Most of the Herbalife reviews online are favorable because the company is arguably a pyramid scheme. Many consumers are unaware of this, but the company actually had to settle for $200 million in 2016 due to misleading marketing claims. There is a need for an honest, unbiased Herbalife review by a doctor, which we will seek to provide in this article.
We will review some Herbalife product categories like weight loss and protein to determine if their products are actually healthy and effective. We’ll also analyze some of the questionable health claims and marketing practices on their website.
No Published Supplement or Nutrition Facts Labels
When you visit a product page on Herbalife’s site, there’s no way to actually see what’s in the product. They apparently don’t publish Supplement Facts or Nutrition Facts labels, which we’ve never seen before in any supplement brand we’ve reviewed.
This is harmful for consumers, because consumers can’t make educated choices about their health without the full set of information. How are you supposed to know if a pre-workout will be effective if you can’t even see the formulation?
In our opinion this is an incredibly deceptive practice, and given that Herbalife has already settled for hundreds of millions due to past deceptive marketing charges, we don’t believe this is unintentional.
By intentionally leaving out the actual nutrition labels, Herbalife shields their products from critical reviews by doctors and other credentialed medical professionals. This forces consumers to simply trust their marketing claims because without any counterpoints or nutrition information, that’s the only thing most consumers will use to build an opinion.
We strongly recommend avoiding supplement/nutrition companies who care so little about your safety and intelligence that they don’t even tell you what’s in the overpriced product they’re trying to sell you.
Herbalife Weight Loss Products Review
Herbalife’s site has a “healthy weight” section with products they claim will “enhance your weight-management efforts.”
Many of these products are herbal tea concentrates. We have not come across any medical research suggesting that herbal tea concentrates aid in weight loss efforts, nor is there any biological reason they would.
Herbalife doesn’t publish any research or information at all suggesting that these products actually increase weight loss, so there is no reason to believe they do.
We recently published a review of an FDA-approved weight loss pill called Plenity which you may be interested in reading if you’re looking for weight management solutions. We actually don’t recommend that product either for the price, but at least it’s backed by actual medical research unlike the garbage Herbalife is selling.
Herbalife Protein Products Review
Herbalife sells a variety of protein products, including drink mixes, bars, collagen and more.
We have to analyze these products based on their self-reported information since Herbalife doesn’t publish Nutrition Facts.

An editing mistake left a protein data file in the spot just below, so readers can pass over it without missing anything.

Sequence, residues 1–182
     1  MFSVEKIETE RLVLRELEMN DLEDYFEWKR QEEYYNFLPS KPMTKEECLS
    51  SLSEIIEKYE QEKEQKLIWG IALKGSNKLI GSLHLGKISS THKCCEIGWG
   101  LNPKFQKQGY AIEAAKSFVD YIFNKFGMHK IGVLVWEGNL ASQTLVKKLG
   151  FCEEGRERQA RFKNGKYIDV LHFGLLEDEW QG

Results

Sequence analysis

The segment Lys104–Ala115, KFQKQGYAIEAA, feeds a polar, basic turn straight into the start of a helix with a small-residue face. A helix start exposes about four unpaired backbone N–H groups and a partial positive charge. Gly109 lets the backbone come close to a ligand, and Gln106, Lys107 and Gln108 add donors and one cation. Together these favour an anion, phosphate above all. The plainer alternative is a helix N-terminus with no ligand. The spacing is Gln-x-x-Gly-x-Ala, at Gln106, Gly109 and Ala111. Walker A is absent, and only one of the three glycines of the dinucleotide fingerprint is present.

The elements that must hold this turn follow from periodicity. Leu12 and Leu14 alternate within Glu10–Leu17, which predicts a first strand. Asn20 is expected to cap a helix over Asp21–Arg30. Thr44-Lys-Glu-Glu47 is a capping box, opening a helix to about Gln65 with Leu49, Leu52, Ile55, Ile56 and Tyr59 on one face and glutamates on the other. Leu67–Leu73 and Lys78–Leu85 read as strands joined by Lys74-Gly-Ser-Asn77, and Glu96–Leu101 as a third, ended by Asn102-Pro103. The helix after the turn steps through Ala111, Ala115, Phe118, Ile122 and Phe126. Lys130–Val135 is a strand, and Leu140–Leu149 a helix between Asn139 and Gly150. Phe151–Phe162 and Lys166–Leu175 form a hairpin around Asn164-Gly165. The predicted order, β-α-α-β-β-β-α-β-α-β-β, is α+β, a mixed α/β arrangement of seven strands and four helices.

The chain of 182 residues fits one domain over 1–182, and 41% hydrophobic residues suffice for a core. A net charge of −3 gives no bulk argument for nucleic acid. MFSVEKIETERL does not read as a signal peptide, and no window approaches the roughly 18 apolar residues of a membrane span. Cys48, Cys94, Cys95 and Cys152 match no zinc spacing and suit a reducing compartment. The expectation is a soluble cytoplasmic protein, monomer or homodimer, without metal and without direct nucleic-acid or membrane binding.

Their vanilla protein drink mix advertises “24 vitamins and minerals”. Adding synthetic vitamins and minerals to a protein drink does not improve performance, as we discussed at length in our breakdown of Premier Protein ingredients, which is another brand that follows the same practice.
We don’t know for certain if Herbalife adds synthetic vitamins, but we can assume they do because soy protein does not contain 24 vitamins and minerals based on research data. Just selling the protein isolate alone would be cheaper and better for performance.
The protein bars sold by Herbalife seem to have a dosage of protein that’s below the effective dose for athletic performance. Their bars contain 10 g of protein while medical research shows 20 g and above to be effective for muscle building.
Herbalife also sells a collagen protein powder but we can’t determine if it should be effective because the dosage of even the active ingredient (collagen) isn’t published on their site.
Collagen is effective for improving skin appearance, so their health claims are accurate in that regard, but it appears this product is also supplemented with synthetic vitamins. There is much more medical research on collagen alone being used for improved skin than collagen plus vitamins. We’d recommend sticking to a plain, unflavored collagen powder instead of this product.
Herbalife Pre Workout Review
A pre workout powder called “Prepare” is sold by Herbalife, and appears to be decently formulated. It includes amino acids l-arginine and l-citrulline as nitric oxide (NO) precursors. Nitric oxide relaxes blood vessels and can improve exercise endurance, so this is a performance benefit.
While these ingredients both do increase nitric oxide, it would be better to see citrulline alone here. Arginine isn’t as effective as an NO precursor as citrulline, so its inclusion is somewhat wasteful.
The Herbalife pre workout also includes 2.1 g of creatine, which is an effective ingredient for improving exercise performance but is slightly underdosed. Dosage should be minimum 2.7 g based on an average U.S. male weight of 90 kg, according to studies. Even more is needed during an optional “loading” phase.
Herbalife Prepare is NSF-Certified for Sport which is a legitimate and thorough certification protocol, so we commend them for undergoing that process. It tests label accuracy and contaminant levels.
The "Prepare" pre workout also contains 100 mg of caffeine which is an effective dose, especially for people new to caffeine supplementation.
Overall this is one of their better formulations, but we’d probably recommend something like Gorilla Mind for exercise performance (but we recommend reviewing the potential safety concerns we covered in the linked article).